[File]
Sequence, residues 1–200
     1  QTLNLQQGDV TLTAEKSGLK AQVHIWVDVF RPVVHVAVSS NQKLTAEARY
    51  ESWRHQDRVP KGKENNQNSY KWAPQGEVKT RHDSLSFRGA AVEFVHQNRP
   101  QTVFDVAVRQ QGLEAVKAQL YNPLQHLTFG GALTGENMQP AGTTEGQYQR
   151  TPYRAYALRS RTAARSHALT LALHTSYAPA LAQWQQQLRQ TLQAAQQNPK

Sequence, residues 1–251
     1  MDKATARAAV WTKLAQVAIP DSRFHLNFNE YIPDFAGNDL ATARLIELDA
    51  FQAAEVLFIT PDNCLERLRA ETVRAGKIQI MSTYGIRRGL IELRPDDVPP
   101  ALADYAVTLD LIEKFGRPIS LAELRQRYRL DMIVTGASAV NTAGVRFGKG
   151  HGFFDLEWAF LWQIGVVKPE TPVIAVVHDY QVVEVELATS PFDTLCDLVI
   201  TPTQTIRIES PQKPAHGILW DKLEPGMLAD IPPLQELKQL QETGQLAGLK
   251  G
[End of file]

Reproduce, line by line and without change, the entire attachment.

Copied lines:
Sequence, residues 1–200
     1  QTLNLQQGDV TLTAEKSGLK AQVHIWVDVF RPVVHVAVSS NQKLTAEARY
    51  ESWRHQDRVP KGKENNQNSY KWAPQGEVKT RHDSLSFRGA AVEFVHQNRP
   101  QTVFDVAVRQ QGLEAVKAQL YNPLQHLTFG GALTGENMQP AGTTEGQYQR
   151  TPYRAYALRS RTAARSHALT LALHTSYAPA LAQWQQQLRQ TLQAAQQNPK

Sequence, residues 1–251
     1  MDKATARAAV WTKLAQVAIP DSRFHLNFNE YIPDFAGNDL ATARLIELDA
    51  FQAAEVLFIT PDNCLERLRA ETVRAGKIQI MSTYGIRRGL IELRPDDVPP
   101  ALADYAVTLD LIEKFGRPIS LAELRQRYRL DMIVTGASAV NTAGVRFGKG
   151  HGFFDLEWAF LWQIGVVKPE TPVIAVVHDY QVVEVELATS PFDTLCDLVI
   201  TPTQTIRIES PQKPAHGILW DKLEPGMLAD IPPLQELKQL QETGQLAGLK
   251  G